Settings where everything is lush and beautiful. Settings where everything is trying to eat you. (Or both!) Deserts. Lush forests. Big bustling cities, Hostage or imprisonment scenarios. Desperate last stands. Clever escapes. Con artists. DRAGONS. Portals. Wish-fulfillment that's earned. Mist. Mountains. Journeys, into the known or the unknown. Ships or portals that will take you somewhere, who knows where, or make you vanish forever. Space explorers. Space Marines. Trapped in an evil lab. Psychic kids (or adults.) People with powers who aren't costumed superheroes. Boarding schools. Boot camp. Riding anything. Dragon hatching, cub bonding - anything where people bond with animals, that is my favorite thing ever.

Read more... )
rachelmanija: (Default)
( Nov. 24th, 2015 05:46 pm)
I apologize to everyone I hurt with the posts I made recently. I really regret making them. You will not be seeing anything else like that from me in the future. I could go on, but I feel like this is the sort of thing where the more I apologize, the worse I make it. So I'll leave this one and the last one up (even though the last one probably counts as more of the same) and am private-locking the rest. I'm locking comments for the same reason. Of course, anyone is always welcome to email or PM me.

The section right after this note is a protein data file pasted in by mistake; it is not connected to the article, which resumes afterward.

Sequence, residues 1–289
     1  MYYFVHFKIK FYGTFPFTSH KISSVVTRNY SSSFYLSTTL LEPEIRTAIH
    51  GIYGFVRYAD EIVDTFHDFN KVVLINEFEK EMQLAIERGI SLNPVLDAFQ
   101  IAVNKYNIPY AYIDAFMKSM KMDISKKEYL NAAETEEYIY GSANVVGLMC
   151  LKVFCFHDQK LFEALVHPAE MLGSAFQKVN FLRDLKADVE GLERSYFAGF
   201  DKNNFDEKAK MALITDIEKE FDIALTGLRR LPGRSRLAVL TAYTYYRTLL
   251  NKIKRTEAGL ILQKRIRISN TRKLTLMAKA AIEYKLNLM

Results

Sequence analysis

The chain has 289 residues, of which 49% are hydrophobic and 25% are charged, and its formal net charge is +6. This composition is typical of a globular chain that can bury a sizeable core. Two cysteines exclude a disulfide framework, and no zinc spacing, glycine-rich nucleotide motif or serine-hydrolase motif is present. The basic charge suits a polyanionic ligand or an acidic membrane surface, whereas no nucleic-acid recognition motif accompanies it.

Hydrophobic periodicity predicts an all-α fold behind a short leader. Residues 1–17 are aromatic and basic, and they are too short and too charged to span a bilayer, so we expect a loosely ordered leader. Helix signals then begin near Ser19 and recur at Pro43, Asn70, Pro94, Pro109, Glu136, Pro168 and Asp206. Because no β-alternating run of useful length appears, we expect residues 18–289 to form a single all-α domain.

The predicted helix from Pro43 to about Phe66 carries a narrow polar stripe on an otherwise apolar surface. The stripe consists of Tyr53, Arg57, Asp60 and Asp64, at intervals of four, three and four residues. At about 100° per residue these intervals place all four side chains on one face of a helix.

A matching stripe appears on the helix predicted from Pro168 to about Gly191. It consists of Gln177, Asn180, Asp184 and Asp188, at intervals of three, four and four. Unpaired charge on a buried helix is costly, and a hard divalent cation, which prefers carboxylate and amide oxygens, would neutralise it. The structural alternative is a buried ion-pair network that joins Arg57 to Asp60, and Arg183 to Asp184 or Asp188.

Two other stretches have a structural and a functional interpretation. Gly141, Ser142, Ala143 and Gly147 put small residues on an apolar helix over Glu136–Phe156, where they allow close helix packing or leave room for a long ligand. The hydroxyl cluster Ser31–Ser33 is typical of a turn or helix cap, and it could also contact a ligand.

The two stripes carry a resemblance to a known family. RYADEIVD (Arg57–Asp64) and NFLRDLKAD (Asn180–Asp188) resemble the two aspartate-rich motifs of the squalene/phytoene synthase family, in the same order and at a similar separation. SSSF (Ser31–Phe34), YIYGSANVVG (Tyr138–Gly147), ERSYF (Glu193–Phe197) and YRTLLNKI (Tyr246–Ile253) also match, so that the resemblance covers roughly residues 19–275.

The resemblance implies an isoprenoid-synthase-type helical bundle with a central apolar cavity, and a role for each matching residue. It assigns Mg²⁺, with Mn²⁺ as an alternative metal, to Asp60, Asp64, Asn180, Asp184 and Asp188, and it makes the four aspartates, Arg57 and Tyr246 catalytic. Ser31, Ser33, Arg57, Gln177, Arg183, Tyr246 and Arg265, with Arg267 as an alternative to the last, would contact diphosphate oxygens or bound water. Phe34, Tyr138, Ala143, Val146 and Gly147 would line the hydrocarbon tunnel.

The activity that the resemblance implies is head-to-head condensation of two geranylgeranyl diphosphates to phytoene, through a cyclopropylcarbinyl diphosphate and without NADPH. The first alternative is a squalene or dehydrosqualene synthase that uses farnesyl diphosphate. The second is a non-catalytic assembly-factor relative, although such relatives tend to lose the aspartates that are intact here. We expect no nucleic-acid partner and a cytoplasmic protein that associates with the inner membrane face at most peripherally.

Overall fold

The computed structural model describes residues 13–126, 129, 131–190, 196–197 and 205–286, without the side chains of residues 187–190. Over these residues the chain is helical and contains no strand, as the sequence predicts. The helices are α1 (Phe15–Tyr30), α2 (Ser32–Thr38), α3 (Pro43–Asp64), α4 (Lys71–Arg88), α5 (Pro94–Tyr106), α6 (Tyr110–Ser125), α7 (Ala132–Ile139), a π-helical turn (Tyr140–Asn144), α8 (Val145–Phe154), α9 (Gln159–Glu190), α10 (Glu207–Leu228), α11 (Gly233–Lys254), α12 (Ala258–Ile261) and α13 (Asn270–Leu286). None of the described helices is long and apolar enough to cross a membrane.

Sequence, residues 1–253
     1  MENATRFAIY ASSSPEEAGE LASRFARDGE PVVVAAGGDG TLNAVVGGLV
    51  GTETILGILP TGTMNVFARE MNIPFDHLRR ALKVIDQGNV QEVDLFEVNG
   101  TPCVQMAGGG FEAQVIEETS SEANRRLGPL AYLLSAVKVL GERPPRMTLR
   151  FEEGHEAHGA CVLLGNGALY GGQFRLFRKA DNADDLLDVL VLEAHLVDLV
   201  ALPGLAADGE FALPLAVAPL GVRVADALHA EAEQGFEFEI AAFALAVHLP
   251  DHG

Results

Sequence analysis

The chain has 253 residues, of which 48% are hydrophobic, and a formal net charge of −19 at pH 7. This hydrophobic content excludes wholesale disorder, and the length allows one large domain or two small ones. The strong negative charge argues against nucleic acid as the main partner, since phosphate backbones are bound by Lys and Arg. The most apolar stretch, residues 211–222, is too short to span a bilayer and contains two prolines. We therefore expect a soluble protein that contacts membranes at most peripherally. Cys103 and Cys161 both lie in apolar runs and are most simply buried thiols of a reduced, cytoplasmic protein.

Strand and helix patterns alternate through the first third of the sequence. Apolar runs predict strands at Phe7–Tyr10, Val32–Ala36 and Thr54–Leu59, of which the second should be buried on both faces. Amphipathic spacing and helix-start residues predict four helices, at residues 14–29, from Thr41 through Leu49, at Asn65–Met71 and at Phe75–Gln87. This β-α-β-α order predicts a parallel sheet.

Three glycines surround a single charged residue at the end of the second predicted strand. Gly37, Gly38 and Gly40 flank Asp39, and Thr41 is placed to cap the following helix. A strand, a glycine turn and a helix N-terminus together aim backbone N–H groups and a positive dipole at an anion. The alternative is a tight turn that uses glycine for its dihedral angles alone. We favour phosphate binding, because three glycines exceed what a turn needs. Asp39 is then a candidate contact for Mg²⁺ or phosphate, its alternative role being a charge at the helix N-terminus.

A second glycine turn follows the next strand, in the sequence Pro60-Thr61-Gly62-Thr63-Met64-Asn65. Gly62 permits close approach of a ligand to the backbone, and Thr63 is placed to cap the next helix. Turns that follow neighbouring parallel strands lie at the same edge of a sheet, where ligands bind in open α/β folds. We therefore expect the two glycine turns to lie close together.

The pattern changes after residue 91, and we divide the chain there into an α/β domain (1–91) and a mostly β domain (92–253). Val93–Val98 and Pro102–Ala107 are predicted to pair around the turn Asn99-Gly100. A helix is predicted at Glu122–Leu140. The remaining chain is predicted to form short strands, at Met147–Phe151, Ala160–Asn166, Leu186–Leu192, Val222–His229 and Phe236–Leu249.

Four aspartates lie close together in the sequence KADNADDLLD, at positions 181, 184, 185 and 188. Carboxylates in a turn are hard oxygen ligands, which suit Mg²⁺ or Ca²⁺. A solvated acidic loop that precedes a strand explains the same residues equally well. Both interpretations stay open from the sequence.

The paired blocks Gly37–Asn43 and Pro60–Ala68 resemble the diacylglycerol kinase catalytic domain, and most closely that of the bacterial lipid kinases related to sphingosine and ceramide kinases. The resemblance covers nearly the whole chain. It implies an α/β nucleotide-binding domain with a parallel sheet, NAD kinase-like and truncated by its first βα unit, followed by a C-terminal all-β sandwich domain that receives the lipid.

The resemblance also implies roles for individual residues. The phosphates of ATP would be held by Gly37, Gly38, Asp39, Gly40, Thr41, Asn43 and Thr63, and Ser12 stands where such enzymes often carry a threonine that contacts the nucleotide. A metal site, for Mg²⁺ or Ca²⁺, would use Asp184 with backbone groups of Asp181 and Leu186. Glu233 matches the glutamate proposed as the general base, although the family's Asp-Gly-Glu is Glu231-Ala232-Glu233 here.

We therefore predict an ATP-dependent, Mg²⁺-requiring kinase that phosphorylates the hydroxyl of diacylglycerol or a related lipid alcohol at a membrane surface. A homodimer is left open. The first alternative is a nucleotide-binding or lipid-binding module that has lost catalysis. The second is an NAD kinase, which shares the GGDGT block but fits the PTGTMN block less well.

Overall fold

ETA: Sorry AGAIN, I now see that I cut off conversations in a post. I will unlock it but edit it to make it less alarming.
From now on, I will no longer be posting about my health on this blog. Please email me if you want an update or if you have something related to it that you want to tell me. I will, of course, put up a post if things improve or if there's any genuinely game-changing news, or if I have a specific question I need crowd-sourced.

But I will no longer be writing about my feelings regarding my health, or day to day issues regarding my health, except perhaps in passing in a post primarily about something else. I do still have people who I can talk to about it, such as my therapist. I will just not be talking about it here.

I very, very much appreciate the lovely things everyone has said to me over the last day or so. I took them very much to heart and they made me feel a lot better. (And if you ever want to add more, go ahead and email them or comment to those posts - I'm not shutting down comments.)

I also very much appreciate everyone who advised when I asked for advice. That was also very helpful.

Ultimately, however, I was clearly upsetting people in a way which ended up being upsetting for me. I don't like posting comment-disabled - for me, blogging is two-way communication - and when it comes to an issue like this, of desperate importance to me, speaking with anything less than raw honesty is far more upsetting to me than not speaking at all.

This is NOT intended to blame or guilt-trip anyone. I tried my absolute best to make this not sound passive-aggressive, but it probably does anyway. Sorry. It's a tightrope walk, and I decided to come down on the side of "passive-aggressive but honest" rather than "weaselly." The only alternative I could think of was to just never post again on the subject with no explanation, but I thought that would make people worry even more. As I said, I will still be speaking about my health and my feelings and so forth. Just not here.